This program seeks to develop technology to reliably extract information from the nervous system at a scale and rate necessary to control many degree-of-freedom machines, such as high-performance prosthetic limbs.
Research and development of neural prostheses based on stimulation, such as cochlear implants, has led to clinically reliable, commonplace, and publicly accepted products that have restored lost function to a large number of patients. Although prostheses based on recording neural activity hold great promise and have high relevance to the Department of Defense (DoD), there are two fundamental and well-known obstacles that are preventing their successful transition to clinical use. Both obstacles deal with reliability. First, miniature and portable neural-machine interfaces cannot reliably obtain accurate information from neural tissue over a period of decades. Second, prosthesis systems cannot reliably use measured signals to control the prostheses with high speed and resolution.
DARPA is interested in addressing the specific fundamental challenges preventing clinical deployment of Reliable Neural-Interface Technology (RE-NET), facilitating its potential to enhance the recovery of injured Service Members and assist them in returning to active duty. Program developments will impact the broad community of patients with medical amputations, spinal cord injuries, and neurological diseases.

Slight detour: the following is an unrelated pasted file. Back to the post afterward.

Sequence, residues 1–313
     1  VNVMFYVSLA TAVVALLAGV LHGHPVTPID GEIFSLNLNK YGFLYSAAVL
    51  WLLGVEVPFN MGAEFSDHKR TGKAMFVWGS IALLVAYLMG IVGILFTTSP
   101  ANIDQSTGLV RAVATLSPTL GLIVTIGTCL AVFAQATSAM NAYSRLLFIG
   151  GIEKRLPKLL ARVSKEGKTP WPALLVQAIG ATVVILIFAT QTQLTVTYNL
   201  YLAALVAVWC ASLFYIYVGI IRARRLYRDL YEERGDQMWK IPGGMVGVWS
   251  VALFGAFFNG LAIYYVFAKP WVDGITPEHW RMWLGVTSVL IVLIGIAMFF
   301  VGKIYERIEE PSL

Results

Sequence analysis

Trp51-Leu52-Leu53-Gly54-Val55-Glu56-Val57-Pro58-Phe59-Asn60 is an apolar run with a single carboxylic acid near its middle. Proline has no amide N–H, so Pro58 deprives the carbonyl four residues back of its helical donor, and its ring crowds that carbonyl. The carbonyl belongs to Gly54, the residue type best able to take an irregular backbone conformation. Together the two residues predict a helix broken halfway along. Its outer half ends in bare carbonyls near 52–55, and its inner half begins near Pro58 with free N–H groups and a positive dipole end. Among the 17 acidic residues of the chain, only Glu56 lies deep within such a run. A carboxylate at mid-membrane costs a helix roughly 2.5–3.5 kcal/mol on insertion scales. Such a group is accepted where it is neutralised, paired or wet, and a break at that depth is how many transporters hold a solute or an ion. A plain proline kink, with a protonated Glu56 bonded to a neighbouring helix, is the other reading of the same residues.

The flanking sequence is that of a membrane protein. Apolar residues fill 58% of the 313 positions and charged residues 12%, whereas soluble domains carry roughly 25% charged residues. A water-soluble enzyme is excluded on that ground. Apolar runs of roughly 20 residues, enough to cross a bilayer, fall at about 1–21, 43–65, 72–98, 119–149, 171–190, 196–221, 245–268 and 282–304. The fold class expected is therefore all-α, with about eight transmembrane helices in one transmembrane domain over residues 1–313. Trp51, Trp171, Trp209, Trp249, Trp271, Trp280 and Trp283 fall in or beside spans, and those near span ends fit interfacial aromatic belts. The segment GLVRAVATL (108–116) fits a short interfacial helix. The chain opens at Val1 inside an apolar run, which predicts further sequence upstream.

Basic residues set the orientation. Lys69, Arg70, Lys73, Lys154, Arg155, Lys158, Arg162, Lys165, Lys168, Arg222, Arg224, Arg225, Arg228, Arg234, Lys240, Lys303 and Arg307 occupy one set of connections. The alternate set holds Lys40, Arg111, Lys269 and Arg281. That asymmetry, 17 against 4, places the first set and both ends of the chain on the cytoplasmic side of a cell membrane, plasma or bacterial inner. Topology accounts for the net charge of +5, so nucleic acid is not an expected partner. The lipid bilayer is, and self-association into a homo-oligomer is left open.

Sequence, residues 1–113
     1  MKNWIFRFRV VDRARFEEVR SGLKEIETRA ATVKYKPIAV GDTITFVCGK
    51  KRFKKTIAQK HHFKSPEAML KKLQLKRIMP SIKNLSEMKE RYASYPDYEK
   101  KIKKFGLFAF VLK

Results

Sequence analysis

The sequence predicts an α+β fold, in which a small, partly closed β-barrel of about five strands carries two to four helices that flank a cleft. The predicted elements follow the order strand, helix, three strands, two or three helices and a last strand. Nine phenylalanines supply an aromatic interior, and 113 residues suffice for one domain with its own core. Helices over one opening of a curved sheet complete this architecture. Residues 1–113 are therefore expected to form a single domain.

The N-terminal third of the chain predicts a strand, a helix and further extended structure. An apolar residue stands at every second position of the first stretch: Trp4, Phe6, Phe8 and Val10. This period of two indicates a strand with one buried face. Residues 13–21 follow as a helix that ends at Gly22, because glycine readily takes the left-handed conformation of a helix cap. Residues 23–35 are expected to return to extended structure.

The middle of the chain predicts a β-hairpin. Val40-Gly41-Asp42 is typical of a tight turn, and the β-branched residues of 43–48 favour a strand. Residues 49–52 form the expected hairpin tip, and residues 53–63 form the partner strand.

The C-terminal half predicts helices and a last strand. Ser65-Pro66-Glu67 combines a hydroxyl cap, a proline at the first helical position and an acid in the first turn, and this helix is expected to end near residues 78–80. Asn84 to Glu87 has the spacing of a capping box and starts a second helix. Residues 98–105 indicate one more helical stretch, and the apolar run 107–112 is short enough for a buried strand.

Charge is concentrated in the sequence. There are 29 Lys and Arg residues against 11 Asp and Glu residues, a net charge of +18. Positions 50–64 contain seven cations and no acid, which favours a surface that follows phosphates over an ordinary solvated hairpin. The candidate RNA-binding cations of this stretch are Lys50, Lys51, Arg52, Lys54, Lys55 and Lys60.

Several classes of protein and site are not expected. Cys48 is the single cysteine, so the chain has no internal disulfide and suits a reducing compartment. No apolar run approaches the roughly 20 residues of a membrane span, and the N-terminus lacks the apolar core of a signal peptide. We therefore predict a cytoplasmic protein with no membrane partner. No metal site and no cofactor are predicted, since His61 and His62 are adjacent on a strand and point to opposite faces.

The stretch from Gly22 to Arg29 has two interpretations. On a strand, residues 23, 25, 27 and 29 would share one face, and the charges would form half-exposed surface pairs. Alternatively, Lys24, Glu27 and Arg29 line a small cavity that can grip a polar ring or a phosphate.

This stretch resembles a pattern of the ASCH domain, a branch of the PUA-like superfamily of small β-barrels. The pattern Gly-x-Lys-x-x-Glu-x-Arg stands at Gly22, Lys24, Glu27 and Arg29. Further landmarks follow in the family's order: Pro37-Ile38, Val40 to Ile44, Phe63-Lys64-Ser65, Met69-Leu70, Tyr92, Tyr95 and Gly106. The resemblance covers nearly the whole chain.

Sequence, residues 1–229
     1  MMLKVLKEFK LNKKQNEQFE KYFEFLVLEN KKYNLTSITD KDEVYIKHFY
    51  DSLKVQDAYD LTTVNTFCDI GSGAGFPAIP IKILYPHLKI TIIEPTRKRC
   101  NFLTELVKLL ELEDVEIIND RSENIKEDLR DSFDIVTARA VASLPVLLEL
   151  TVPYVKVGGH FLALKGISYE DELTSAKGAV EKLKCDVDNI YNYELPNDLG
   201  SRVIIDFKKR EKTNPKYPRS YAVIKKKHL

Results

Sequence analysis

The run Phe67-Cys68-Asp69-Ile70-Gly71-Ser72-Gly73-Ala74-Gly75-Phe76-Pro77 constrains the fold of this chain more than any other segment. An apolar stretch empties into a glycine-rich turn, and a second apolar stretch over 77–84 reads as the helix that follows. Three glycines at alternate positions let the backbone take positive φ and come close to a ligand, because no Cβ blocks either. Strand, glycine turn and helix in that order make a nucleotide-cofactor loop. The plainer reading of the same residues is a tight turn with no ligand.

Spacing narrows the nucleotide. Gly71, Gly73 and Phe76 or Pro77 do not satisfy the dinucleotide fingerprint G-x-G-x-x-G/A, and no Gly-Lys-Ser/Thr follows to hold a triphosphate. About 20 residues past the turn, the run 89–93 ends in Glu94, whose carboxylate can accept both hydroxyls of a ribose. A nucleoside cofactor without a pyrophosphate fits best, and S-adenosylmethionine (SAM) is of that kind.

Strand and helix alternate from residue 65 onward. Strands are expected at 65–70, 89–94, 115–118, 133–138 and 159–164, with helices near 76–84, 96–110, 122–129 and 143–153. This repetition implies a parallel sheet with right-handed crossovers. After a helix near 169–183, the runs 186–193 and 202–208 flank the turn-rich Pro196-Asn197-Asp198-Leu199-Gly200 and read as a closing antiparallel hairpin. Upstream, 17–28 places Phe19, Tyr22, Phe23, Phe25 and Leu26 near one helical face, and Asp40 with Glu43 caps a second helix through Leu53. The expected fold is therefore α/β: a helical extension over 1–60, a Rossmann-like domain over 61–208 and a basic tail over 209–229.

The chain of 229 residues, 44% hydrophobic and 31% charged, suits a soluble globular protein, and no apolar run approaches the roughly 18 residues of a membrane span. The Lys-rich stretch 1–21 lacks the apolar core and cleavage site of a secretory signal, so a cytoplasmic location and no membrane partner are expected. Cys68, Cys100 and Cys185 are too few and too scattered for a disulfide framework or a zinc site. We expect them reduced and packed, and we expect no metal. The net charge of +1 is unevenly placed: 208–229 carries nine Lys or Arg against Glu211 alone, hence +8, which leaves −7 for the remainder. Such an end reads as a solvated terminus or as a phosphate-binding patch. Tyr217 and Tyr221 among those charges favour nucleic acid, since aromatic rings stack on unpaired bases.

The RE-NET program will first build a foundation of understanding why these neural interfaces do not remain operational over multiple years. The Histology for Interface Stability over Time team will delve into the interactions between biotic and abiotic systems and what mechanisms lead to interface failure. The direct interface between tissue and electronics is not the only factor that affects reliability. The Reliable Peripheral Interfaces (RPI) and the Reliable Central-Nervous-System Interfaces (RCI) teams will build complete systems that develop a deeper understanding of how motor-control information is conveyed from neural tissue through implanted interfaces and electronics to efficient and robust decoding algorithms. RPI will interface with the peripheral motor system, and RCI will interface directly with the brain and spinal cord.
Dr. Jack Judyjack.firstname.lastname@example.org